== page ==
Come 2018, and it is now a central principle that diversity “should” be actively promoted in appointments: “Both appointments and succession plans should be based on merit and objective criteria and, within this context, should promote diversity of gender, social and ethnic backgrounds, cognitive and personal strengths.”
The annual report “should” also “describe the work of the nomination committee” (is this where the C of E got the idea from?) in “developing a diverse pipeline” and in its “progress on achieving the objectives” of its diversity and inclusion policy.
What’s more, it seems this is still not woke enough for the apparatchiks at the FRC. In July 2021 the FRC published research claiming to show that “diverse boards lead to better corporate culture and performance” and arguing that companies need to go even further in promoting ‘diversity’:
• Regulators and companies must focus on collecting more data on the types of diversity, board dynamics and social inclusion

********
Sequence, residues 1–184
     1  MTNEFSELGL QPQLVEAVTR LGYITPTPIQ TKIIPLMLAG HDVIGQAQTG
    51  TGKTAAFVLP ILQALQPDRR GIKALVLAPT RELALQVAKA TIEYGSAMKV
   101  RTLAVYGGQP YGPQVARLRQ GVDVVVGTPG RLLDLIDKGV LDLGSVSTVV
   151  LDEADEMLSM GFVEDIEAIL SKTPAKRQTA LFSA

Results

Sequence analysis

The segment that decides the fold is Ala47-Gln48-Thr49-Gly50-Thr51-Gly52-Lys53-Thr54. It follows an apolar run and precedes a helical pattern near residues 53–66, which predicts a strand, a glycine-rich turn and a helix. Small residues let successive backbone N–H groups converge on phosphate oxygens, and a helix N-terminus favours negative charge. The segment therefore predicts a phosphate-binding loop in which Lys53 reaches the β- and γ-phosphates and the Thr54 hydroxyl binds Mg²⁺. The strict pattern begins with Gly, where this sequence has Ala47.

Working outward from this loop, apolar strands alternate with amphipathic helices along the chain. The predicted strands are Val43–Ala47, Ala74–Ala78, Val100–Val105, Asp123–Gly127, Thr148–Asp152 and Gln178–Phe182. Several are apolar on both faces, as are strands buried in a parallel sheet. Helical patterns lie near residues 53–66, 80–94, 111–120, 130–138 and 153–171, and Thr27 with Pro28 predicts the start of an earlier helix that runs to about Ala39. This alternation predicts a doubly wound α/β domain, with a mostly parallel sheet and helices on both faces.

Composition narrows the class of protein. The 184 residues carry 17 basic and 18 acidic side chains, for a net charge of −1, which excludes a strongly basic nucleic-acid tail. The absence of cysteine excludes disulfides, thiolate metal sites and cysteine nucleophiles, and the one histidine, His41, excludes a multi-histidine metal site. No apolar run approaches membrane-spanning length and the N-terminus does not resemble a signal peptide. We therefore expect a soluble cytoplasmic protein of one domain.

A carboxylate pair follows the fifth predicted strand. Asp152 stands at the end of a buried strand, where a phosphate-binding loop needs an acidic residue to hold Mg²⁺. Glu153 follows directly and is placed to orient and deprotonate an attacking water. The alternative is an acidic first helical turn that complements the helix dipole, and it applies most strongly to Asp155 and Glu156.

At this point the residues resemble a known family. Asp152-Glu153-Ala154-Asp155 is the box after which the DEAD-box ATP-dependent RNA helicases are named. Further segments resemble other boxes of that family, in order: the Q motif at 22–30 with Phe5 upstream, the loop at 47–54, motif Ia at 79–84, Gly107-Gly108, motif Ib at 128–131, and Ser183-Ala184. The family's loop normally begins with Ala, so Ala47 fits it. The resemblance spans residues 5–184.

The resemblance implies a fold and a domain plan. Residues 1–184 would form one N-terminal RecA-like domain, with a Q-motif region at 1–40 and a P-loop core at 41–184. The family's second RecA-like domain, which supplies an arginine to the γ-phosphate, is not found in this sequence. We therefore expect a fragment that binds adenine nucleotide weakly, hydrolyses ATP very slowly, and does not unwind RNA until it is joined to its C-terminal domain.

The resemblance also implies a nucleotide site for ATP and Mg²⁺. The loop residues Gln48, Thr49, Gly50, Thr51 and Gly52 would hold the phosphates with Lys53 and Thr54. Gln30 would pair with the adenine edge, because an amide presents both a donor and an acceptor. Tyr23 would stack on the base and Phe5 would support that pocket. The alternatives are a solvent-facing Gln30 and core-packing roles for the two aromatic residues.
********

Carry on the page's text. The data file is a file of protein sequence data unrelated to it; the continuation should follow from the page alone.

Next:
• The Nomination Committee itself should be diverse and have a clear mandate to work with search firms that access talent from wide and diverse pools.
• The greater representation of women in the boardroom is reshaping culture and dynamics and benefiting businesses from a social justice as well as a performance perspective
The idea that ‘diversity’ improves performance and profit has been taken apart by Alex Edmans in the Telegraph, who argues that although he is himself ethnic minority and a supporter of diversity, the fact is the business case for diversity is wholly lacking in good quality evidence.